When it gets Personal: Conflicts between Indigenous and Non-Indigenous Peoples, and Equal Protection Under the Law. Lessons From the Colten Boushie and Jon Styres Cases
Presented by Professor Paul Baxter who has been teaching in the Criminology program at York since 2005, and is currently the co-ordinator of the program.
Is equal protection under the law a function of white privilege? Does equal protection under the law privilege settlers over Indigenous Peoples? Our preconceptions about conflicts between Indigenous Peoples and non-Indigenous Peoples are often confined to the “big issues”, such as large protests over land claims or natural resources. These conflicts, such as the Standing Rock or Oka protests, usually occur in public spaces and they involve disputes between large groups of people in conflict with institutional agents such as the police or the military. These sorts of conflicts are often very impersonal. The “band” or the “First Nation” takes the place of individual protesters, while “the police” or “the military” takes the place of individual settlers.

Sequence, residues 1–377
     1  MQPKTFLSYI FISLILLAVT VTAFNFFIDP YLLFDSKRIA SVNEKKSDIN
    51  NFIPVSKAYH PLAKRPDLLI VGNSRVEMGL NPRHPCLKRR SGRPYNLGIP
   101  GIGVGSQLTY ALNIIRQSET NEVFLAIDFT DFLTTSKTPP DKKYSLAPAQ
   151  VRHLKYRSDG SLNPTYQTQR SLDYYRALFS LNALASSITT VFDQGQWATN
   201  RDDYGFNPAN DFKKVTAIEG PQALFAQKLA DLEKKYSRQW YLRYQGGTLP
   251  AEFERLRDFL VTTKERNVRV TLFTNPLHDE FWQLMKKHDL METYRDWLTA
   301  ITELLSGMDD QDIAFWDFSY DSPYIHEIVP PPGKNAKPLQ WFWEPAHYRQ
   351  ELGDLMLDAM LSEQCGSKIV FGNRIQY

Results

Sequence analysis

The recent cases of the shooting deaths of Colton Boushie and Jon Styres are two important examples of the ways injustice towards Indigenous Peoples is perpetuated at the personal level. These cases also represent what may be hypothesized to be a significant shift in our legal culture around our rights to self-defence and defence of property.
This talk seeks to outline some of these issues, and it maps out the beginning of a research program into the implications of what one might call the legal resolutions to “micro-conflicts” between Indigenous and non-Indigenous Peoples.